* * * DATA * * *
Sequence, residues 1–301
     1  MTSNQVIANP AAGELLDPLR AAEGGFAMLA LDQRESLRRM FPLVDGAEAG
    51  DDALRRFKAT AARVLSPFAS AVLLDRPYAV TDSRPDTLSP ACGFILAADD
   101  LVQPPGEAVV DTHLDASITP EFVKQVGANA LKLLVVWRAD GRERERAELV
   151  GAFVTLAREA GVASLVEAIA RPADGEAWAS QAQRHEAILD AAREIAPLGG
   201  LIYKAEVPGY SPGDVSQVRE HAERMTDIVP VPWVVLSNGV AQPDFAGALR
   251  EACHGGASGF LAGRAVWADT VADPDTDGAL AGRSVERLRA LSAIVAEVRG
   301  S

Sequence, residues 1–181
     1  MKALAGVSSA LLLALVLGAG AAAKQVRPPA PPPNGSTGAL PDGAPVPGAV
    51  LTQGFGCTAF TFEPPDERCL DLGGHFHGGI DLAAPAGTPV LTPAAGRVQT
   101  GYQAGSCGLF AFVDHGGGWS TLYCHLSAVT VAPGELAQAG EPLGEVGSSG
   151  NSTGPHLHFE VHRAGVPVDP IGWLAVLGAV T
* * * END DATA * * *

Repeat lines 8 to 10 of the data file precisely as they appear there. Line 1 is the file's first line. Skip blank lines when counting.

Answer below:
   301  S

Sequence, residues 1–181
     1  MKALAGVSSA LLLALVLGAG AAAKQVRPPA PPPNGSTGAL PDGAPVPGAV